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Monday, April 10, 2006

  • French teaching link with North Bay
  • UW entrepreneurs win second prize
  • And a little of this and that
Editor:
Chris Redmond
credmond@uwaterloo.ca

Christians mark Holy Week


[Older man, two younger people with plaques]

Athletes in UW's campus recreation program each year are honoured by the Jud Whiteside Leadership Award, which commemorates the athletic and charitable involvement of Whiteside (centre), a 1970 UW graduate who is now CEO of a major law firm. The award was handed out along with other trophies and honours at Campus Recognition Night on March 30. Whiteside poses with two of the winners: Kim Saunders, recreation and business (spring 2005) and Adrian Wong, kinesiology (winter 2006). The other winner on hand to receive the award was Jeremy Cross (fall 2005). Eleven students were recognized as Outstanding Graduating Seniors.

French teaching link with North Bay

Students in the French teaching specialization -- which leads to a BA in French studies from UW plus a teaching degree -- will get their professional training in North Bay, not St. Catharines, starting in 2008.

"The last class attending Brock University will be in Fall 2007, after which the partnership between Waterloo and Brock will be terminated," UW's senate was told last month. "Effective Fall 2008, the French Department will partner with the Faculty of Education at Nipissing University."

The reason is simple enough, says François Paré chair of the French studies department: "Because our long-time partner, Brock University, created its own FTS program modelled on UW, a partnership with us was no longer in their interest.

"With Nipissing, we found a partner willing to re-energize this very successful program in response to a very significant and constant demand for qualified French teachers in Ontario and Canada as a whole. In return, Nipissing joins what was the first French Teaching concurrent program in Ontario, a program that has boasted a 100% employment rate upon graduation for its 15-year existence."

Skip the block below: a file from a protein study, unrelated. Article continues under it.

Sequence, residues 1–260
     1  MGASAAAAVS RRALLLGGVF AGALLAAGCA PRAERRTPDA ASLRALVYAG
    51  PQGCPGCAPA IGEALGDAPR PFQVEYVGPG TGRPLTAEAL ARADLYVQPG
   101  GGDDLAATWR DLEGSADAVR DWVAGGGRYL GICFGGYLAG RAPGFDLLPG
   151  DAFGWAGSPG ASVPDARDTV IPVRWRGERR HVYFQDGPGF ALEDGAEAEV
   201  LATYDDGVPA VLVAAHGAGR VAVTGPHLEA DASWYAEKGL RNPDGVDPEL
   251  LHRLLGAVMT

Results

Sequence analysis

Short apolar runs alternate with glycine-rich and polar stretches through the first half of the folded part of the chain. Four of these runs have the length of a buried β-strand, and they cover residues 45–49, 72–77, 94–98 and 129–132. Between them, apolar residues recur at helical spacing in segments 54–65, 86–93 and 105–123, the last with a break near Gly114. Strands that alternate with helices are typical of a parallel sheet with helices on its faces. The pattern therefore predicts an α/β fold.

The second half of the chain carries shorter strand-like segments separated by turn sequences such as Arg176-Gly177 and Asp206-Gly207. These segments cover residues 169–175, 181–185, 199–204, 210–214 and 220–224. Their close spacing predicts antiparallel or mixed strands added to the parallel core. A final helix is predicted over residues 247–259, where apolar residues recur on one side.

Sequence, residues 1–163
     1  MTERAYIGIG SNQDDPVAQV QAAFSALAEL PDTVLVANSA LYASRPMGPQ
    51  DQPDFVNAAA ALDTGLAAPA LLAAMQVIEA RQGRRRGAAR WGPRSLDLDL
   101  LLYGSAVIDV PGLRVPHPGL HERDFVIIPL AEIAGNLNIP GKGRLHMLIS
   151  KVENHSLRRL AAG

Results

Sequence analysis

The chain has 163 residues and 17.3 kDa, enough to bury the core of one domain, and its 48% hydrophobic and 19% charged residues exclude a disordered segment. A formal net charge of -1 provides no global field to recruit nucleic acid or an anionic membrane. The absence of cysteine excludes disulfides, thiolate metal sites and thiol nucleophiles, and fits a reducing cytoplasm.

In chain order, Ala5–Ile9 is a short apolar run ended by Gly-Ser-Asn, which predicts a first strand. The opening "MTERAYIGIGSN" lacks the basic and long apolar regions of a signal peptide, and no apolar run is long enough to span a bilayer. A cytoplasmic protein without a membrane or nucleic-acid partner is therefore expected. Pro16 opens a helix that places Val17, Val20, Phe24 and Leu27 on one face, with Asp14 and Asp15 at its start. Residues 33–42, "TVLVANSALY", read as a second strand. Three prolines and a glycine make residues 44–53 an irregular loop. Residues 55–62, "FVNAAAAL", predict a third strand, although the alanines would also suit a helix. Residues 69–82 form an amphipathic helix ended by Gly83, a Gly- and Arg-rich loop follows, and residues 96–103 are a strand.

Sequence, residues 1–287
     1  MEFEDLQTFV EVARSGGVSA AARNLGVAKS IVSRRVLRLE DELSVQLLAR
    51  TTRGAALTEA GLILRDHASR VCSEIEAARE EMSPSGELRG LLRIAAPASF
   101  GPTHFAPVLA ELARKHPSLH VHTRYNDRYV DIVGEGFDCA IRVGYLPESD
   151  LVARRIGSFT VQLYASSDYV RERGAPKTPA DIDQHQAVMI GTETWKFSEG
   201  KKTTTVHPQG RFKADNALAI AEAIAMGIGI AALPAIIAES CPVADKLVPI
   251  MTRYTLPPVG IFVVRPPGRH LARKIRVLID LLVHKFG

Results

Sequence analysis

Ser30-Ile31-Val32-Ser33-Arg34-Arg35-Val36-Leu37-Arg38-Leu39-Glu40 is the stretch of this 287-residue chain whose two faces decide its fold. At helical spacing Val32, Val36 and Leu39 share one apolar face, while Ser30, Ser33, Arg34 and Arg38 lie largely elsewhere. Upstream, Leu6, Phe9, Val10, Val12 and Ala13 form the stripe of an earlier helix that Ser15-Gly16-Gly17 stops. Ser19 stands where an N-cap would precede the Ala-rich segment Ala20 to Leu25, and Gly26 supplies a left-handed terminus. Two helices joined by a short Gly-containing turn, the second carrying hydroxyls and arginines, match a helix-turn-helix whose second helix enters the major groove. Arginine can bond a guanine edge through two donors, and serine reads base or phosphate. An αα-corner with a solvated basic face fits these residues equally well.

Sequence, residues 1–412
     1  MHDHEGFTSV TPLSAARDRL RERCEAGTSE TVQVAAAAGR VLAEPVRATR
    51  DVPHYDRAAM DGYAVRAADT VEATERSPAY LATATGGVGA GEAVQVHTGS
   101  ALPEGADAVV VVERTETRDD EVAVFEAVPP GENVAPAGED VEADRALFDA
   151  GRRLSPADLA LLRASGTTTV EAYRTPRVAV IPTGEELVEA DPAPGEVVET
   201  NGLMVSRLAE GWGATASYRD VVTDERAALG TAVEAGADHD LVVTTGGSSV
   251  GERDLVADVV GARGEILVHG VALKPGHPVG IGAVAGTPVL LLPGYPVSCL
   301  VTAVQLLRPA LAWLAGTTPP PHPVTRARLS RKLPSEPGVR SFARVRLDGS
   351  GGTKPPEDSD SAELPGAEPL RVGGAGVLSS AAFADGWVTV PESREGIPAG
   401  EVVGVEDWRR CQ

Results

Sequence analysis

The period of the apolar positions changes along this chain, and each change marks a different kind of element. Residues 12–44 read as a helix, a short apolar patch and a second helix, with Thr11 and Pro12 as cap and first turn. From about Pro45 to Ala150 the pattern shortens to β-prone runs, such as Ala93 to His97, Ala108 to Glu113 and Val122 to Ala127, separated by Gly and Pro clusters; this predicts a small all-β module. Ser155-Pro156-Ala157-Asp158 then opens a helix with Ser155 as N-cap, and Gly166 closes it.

He said there will be some changes in the details of the program, particularly a shift to training teachers for the primary-junior level, rather than the secondary level as in the past. "The reason for this is the Province's emphasis on lowering class sizes at the elementary school level. The Ministry of Education has been urging Ontario faculties of education to train more teachers at the primary-junior level."

Senate approved some minor changes in the program requirements, but the outline is the same: four years of study at UW followed by one in a faculty of education -- in this case, at Nipissing. Two other key parts of the program are unchanged, Paré stressed. "This program continues to have a very important experiential learning component. FTS students are required to complete 160 hours of teaching-related work in Kitchener-Waterloo area schools. We have created a network of partner schools that is quite unique, linking current UW students with hundreds of FTS alumni."

And second, students in the French teaching specialization will still be expected to spend their third year of study in a French-speaking university -- usually either Nantes or Paris in France, or Chicoutimi in Québec. "We value very much this international component. The Université de Nantes program is considered one of the best such programs in Canada."